The re-negotiation of terms with successful bidders of the first two rounds of South Africa’s Renewable Energy Independent Power Producer Procurement Programme (REIPPPP) would be a clear breach of contract and damaging to investor confidence says the South African Wind Energy Association (SAWEA) – an industry body which represents the interests of the majority of entities invested in the utility-scale South African renewable power value chain.
Brenda Martin, SAWEA’s CEO, says that investor confidence in any public-private programme is contingent on government’s consistent, assured application of procurement law. She was responding to reported informal comments by Pravin Gordhan, the miniter of public enterprises, in parliament this week, that government was considering re-negotiating with companies that won the first two rounds of the REIPPPP in order to take the pressure off Eskom and electricity tariffs. “Re-negotiation, besides raising the spectre of breach of contract, would require extensive and careful process to ensure fairness to affected investors while also providing sufficient assurance to prospective investors,” says Martin.
She adds that the minister made the remarks attributed to him in passing and not part of his formal commentary and that they do not therefore represent government policy. “Thus far, no formal requests for re-negotiation of contracts have been received by any Round 1 preferred bidder,” she confirms.
The REIPPPP was initiated by government in 2011 as a premier procurement programme with the intent that climate and energy security should be addressed. The need to diversify South Africa’s energy mix as well as transition away from coal-fired power were both primary motivators for the launch of the programme.
To date it has been one of the most successful attractors of investment to South Africa raising R202-billion so far – 24% of which is foreign direct investment. It has contributed 26 840 GWh to the national grid and created about 36 500 jobs. South Africans own, on average, 48% equity in all IPPs while black South Africans own, on average, 31% of project equity.
Martin explains that Round 1 projects were bid in line with tariff ceilings offered by government, who recognised that in order to initiate the growth of a market, attractive terms needed to be offered initially. However, consistent rounds of procurement, innovation and expanding global markets have led to dramatic cost reductions and a global trend of rapidly declining tariffs to-date.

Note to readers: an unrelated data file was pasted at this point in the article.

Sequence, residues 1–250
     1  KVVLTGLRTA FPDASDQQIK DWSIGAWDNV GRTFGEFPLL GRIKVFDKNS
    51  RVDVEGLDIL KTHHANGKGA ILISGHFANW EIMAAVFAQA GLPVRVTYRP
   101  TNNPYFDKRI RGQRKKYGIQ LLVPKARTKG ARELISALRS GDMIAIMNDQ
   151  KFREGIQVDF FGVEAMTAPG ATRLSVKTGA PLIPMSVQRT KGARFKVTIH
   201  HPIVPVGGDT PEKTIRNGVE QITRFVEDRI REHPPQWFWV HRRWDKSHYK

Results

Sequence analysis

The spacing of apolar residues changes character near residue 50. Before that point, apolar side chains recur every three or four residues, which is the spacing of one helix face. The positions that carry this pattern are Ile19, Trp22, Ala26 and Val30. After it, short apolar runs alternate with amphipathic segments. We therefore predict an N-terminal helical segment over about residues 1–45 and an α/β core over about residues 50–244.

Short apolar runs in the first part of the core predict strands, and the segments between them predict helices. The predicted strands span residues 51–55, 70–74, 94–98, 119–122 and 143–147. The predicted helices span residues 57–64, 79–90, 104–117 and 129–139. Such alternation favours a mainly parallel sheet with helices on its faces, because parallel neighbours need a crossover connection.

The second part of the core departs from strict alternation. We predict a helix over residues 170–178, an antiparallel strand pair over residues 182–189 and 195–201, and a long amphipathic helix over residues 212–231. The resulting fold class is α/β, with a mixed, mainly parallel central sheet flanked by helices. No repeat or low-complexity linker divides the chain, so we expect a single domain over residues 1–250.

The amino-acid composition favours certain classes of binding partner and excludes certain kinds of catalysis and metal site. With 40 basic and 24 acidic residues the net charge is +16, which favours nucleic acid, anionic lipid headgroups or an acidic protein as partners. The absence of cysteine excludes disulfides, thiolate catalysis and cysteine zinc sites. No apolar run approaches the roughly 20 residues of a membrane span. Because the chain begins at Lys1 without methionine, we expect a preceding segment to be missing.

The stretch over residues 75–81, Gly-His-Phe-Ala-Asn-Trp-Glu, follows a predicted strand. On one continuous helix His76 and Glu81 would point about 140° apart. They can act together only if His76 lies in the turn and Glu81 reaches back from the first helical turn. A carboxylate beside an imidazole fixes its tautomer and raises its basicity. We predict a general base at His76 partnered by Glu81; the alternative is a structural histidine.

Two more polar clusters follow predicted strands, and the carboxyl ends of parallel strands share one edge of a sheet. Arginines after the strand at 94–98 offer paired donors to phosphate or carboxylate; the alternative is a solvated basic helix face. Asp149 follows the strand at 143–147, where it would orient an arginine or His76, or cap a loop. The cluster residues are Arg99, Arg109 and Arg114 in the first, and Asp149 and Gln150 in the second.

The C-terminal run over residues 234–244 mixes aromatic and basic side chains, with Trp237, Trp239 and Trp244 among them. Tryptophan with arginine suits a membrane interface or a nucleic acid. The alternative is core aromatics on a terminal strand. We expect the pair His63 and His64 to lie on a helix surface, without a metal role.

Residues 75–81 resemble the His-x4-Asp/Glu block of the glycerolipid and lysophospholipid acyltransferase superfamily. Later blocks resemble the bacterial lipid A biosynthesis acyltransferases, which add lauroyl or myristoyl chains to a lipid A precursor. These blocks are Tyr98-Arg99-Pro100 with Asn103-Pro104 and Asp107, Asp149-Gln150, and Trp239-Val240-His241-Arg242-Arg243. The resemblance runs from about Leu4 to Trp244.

“SAWEA is mindful of the national imperative to find solutions to Eskom’s financial crisis. However, we question the wisdom of any move to undermine the successful public private partnership that has grown under the REIPPPP, particularly at a time when concerted efforts to attract investors to South Africa are being led by the President, and when bid prices have clearly declined consistently as a direct result of competitive bidding.
“The competitive bidding process under the REIPPPP has resulted in Round 4 projects bid at R0,96/kWh for solar and R0,76/kWh for wind – an average drop in price of over 50% from earlier rounds.”
According to recent models from the CSIR, future wind energy investments alone have the potential to realise 70 000 jobs (in construction, operations and maintenance) through the smoothed allocation of 1,5 GW of wind a year between 2021 and 2030 and to make a total GDP impact of about R20-billion between 2021 and 2030. That is approximately R200-billion in total.
“The renewable sector has proven its capacity to deliver built programmes on time and within budget, and that it has the capacity to take on upfront risk and debt on its own and then rely on power purchase agreements over a 20-year life span to recover that initial investment. It needs the consistent support of government if it is going to continue to deliver benefits for all South Africans,” says Martin. “We look forward to all affected ministries providing formal clarity on the off the cuff remark made by Minister Gordhan this week.”
Contact Brenda Martin, SAWEA, Tel 011 214-0664, email@example.com
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